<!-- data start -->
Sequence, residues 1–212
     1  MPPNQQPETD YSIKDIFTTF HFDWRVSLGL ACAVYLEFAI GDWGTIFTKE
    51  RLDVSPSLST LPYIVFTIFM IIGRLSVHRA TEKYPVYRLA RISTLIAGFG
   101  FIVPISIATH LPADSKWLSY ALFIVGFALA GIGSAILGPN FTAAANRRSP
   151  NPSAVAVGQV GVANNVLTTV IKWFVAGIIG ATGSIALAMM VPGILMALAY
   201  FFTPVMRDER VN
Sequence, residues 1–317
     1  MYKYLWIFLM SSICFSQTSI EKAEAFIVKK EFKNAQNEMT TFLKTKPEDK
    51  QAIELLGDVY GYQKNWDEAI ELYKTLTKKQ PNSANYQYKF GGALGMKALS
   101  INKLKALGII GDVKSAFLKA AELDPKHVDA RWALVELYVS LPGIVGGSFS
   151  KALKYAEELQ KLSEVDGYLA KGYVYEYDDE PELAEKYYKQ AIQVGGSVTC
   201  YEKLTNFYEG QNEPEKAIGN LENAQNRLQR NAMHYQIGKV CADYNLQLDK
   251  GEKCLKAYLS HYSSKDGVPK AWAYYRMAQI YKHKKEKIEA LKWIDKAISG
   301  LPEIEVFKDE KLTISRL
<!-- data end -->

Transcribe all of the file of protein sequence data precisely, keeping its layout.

Sequence, residues 1–212
     1  MPPNQQPETD YSIKDIFTTF HFDWRVSLGL ACAVYLEFAI GDWGTIFTKE
    51  RLDVSPSLST LPYIVFTIFM IIGRLSVHRA TEKYPVYRLA RISTLIAGFG
   101  FIVPISIATH LPADSKWLSY ALFIVGFALA GIGSAILGPN FTAAANRRSP
   151  NPSAVAVGQV GVANNVLTTV IKWFVAGIIG ATGSIALAMM VPGILMALAY
   201  FFTPVMRDER VN
Sequence, residues 1–317
     1  MYKYLWIFLM SSICFSQTSI EKAEAFIVKK EFKNAQNEMT TFLKTKPEDK
    51  QAIELLGDVY GYQKNWDEAI ELYKTLTKKQ PNSANYQYKF GGALGMKALS
   101  INKLKALGII GDVKSAFLKA AELDPKHVDA RWALVELYVS LPGIVGGSFS
   151  KALKYAEELQ KLSEVDGYLA KGYVYEYDDE PELAEKYYKQ AIQVGGSVTC
   201  YEKLTNFYEG QNEPEKAIGN LENAQNRLQR NAMHYQIGKV CADYNLQLDK
   251  GEKCLKAYLS HYSSKDGVPK AWAYYRMAQI YKHKKEKIEA LKWIDKAISG
   301  LPEIEVFKDE KLTISRL